Car giant Inchcape seeks £230m in deeply discounted rights issue

ONE of Britain's biggest car dealers is tapping shareholders for cash through a deeply discounted £232 million rights issue as it looks to shore up its battered balance sheet.

Inchcape, which has more than 100 showrooms in the UK and sells marques including Audi, BMW and Mercedes-Benz, yesterday warned that trading conditions would remain "extremely challenging" this year as it unveiled a 19 per cent slump in full-year profits for 2008.

The company said proceeds from the rights issue would be used to cut debt – 408m at the end of last year – and delay the need to refinance existing bank facilities until the end of 2012.

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Investors are being offered new shares at an 88 per cent discount to the company's share price on Wednesday night.

Results for 2008 show the group made a profit before tax and exceptional items of 190.7 million, down from 235.1m the previous year. Including one-off items, profits fell more than half to 108.2m.

Analysts remained cautious on Inchcape's prospects. In a research note, analysts at Citi said: "While a heavily discounted rights issue brings the net debt under control, the interest saving of 30 to 40m is likely to be offset by further downgrades as operationally geared emerging markets show further signs of weakening."

Inchcape, which also runs dealerships in markets as diverse as Russia and Hong Kong, has been forced to cut hundreds of jobs and introduce a pay freeze as sales of new cars go into reverse.

The company said it was braced for trading conditions to remain extremely challenging throughout 2009, with a "very weak performance" likely in the first half. Although full-year sales in 2008 rose 3.4 per cent to 6.3 billion, they fell sharply in the second half as the industry suffered an unprecedented downturn.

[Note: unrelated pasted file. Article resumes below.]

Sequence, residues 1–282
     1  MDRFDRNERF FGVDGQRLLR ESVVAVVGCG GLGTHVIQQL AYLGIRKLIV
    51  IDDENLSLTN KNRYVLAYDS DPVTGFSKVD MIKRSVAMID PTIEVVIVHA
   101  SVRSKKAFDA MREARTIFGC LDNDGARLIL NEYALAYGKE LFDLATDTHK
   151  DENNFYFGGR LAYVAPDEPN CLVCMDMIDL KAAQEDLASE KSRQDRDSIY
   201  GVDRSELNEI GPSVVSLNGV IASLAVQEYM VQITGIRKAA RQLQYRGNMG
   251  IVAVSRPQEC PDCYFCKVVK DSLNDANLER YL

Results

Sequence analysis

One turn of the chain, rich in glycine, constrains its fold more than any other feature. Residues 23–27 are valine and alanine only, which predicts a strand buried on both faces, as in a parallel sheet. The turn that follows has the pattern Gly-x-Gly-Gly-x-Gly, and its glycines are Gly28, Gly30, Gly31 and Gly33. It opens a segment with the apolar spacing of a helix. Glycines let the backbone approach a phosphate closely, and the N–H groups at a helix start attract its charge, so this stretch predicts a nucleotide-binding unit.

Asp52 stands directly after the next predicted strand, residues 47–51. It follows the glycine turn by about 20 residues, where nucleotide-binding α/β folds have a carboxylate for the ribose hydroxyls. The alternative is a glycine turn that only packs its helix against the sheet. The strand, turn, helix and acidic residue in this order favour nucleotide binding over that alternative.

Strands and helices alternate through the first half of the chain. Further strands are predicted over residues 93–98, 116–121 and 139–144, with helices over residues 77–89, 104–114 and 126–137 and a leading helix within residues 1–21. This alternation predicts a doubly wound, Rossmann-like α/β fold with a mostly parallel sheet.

Few motor dealers have escaped the rout as rising unemployment and the squeeze on credit for big-ticket purchases keeps buyers away from the showrooms.

Yesterday, it was confirmed that the 2010 British International Motor Show has been cancelled as the car industry battens down the hatches.

Inchcape chief executive Andr Lacroix said: "Recent market conditions have been extremely challenging, affecting the entire car industry on a global basis. We have responded swiftly by reducing our cost base, right-sizing the business for the current environment and deleveraging the group."

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On the rights issue, he said: "The level of discount that we're offering is in line with most of the rights issues done by very strong companies at the moment so there is nothing exceptional about that."

The group said it would not pay a final dividend for 2008 and did not expect to pay any dividends for the current year.